Moreover, I found that Jaeger Roma has been discontinued. As for a substitute yarn, I would recommend using somewhat fluffy light worsted weight yarn. Though the label claims Roma is DK weight, I think it is thicker and fluffier than other usual DK weight yarns.

Happy knitting!


Sunday, December 22, 2013

Free Knitting Pattern: Lily's Cardigan






Today, I'd like to share a free pattern for a cute baby cardigan.
I made this cardigan and the beanie last spring for my niece, Lily.
I first made a beanie following "Scalloped Lace Baby Cap by Carrie Griffin", and used the same lace pattern to create the cardigan.
As I knit it, I wrote down some notes to share the pattern someday, and almost a year later, here is the pattern! :)

This pattern makes a cardigan measuring 10" at chest on flat (total 20" circumference). I did not grade the pattern to make other sizes yet, but I will soon update the graded pattern. In the meantime, if you want to make it smaller or bigger, you can still do it by simply using lighter or heavier yarns, and smaller or bigger needles.

Download pattern in PDF format

Yarn: Araucania Ulmo
* I think I used about 1 skein of Ulmo, but I forgot to measure the weight before I mail it. I’ll check the weight if I make the 2nd one.
Needle : 4.5mm circular needle
Gauge: 19sts x 26rows (4”sq in St st), 1 lace repeat: 2 5/8”w x 1 3/4"h
Size: 6~12 month (chest measures 10” flat)

Crest of Wave Chart




Body
CO 109 sts. Knit 1 row.
Follow the “Crest of Wave” chart total 3 times. (total 36 rows)
K1, *k2tog, k5; rep from * to last 3 sts, k2tog, k1. -93sts rem.

Underarm
Row 1: P20, bind of 5sts, p43, bind off 5sts, P20 – 83 sts rem.
Row2: K20, pm cast on 26sts, pm, k 43, pm, cast on 26sts, pm, k20 – 135sts rem.
Row3: *P to next marker, move marker, k to next marker, move marker; rep from * once more, p to end of row.
Row4: *K to 2sts before next marker, k2tog, move marker, k1, k2tog, k to 3sts before next marker, k2tog, k1, move marker, k2tog; rep from * once more, k to end of row – 127 sts rem.
Row 5 & 6: Rep row3 & 4 – 119sts rem.
Row 7: P all sts.
Row 8: *K to 2sts before next marker, k2tog, move marker, k1, k2tog, k to 3sts before next marker, k2tog, k1, move marker, k2tog; rep from * once more, k to end of row – 111sts rem.
Row 9~22: Rep row7 - 8 seven more times – 55 sts rem.
Row 23: K 1 row.
Row 24: Rep row 8 – 47 sts rem.
Knit 2 rows.
BO all sts.

Wearer’s Right Side Placket
Pick up 46 stitches from wearer’s right side CF Edge.
(WS) Sl1, k to end of row.
(RS) Sl1, k to last 18 sts, * yo, k2tog, k5; rep from * once more, yo, k2tog, k2.
Next 2 rows: Sl1, k to end of row.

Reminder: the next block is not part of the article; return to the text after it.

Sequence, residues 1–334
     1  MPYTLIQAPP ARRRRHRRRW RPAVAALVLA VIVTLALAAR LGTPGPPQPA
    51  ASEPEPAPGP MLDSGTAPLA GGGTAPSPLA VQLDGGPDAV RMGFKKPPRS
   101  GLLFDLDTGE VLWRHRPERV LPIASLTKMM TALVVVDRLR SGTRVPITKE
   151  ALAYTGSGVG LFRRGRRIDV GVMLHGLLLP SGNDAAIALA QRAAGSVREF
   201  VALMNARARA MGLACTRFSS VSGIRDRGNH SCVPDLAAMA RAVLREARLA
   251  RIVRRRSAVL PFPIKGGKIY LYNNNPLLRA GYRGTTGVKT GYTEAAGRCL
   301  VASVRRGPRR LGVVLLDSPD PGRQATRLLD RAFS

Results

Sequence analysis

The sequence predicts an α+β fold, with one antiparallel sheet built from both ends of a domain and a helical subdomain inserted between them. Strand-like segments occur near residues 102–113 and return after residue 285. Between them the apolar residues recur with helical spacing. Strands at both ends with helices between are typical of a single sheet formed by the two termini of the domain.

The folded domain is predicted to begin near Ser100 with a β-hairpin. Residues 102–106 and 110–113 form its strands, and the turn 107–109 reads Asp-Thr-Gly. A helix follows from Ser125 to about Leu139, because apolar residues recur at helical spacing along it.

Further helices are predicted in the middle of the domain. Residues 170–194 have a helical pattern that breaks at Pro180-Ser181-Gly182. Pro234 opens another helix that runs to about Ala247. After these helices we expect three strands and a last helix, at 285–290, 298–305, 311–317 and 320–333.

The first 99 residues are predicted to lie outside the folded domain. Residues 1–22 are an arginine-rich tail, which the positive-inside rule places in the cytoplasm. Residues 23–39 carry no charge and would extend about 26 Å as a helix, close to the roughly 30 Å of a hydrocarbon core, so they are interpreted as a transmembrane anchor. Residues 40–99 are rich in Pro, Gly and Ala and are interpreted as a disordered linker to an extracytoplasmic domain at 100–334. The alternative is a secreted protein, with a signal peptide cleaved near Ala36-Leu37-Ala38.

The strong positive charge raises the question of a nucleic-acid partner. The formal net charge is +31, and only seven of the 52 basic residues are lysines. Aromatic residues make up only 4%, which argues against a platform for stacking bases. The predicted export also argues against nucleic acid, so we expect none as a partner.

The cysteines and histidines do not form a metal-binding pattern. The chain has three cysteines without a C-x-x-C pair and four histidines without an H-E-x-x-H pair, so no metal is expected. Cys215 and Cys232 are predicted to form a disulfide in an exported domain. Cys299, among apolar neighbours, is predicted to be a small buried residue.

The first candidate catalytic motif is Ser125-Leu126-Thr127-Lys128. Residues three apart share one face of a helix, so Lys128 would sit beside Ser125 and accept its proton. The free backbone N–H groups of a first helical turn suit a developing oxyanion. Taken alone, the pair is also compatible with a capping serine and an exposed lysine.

BO all sts.

Wearer’s Left Side Placket
Pick up 46 stitches from wearer’s right side CF Edge.
K 5 rows.
BO all sts.

Finishing
Weave in ends, and sew buttons on.


* Please use this pattern for personal / non-profit use only. You may use this pattern for charity knitting or to make projects for charity fundraising. Please do not post this pattern anywhere else without permission. Thanks.*

Saturday, December 07, 2013

Lill

Finally, a new pattern has arrived!
As shown in the previous preview post, it is an Estonian lace inspired tunic, knitted from top to bottom.

The name of the sweater is "Lill" which means a flower in Estonian.
If you look into the body carefully, you will see a flower blossoming. :)
The pattern is a mix of written instructions and charts.
You can get the pattern on my Ravelry page or my Etsy store.

* Click below to buy from my Ravelry store


* See projects made from this pattern


Friday, November 15, 2013

A New Pattern on Its Way...

Hi there!

What a diligent blogger I am, writing a post first time in three years! :P
Finally, there is a new pattern coming on its way.
Actually, I made this sweater about a year and half ago, but couldn't get around to take photos and edit the patterns for such a long time.
I'm excited to share my new design, "Lill". It's an Estonian lace tunic.
The first round of the photos did not show the details of the stitches very well, so I'm going to take a few more pictures over this weekend.
Here are some preview photos...







Tuesday, August 17, 2010

Finally! Forest Cardi Pattern is Completed! :D



Wow, it feels like forever since I started re-editing it. There has been so many interferences and delays. My husband even tease me saying that that pattern was like a never-ending story.
BUT!! through it all, it's finally done and released on Ravelry!.

Through this editing process, I thought myself Adobe InDesign program and it was worth investing the time. The pattern edited with InDesign looks so much more professional, and the printed charts are so much clearer.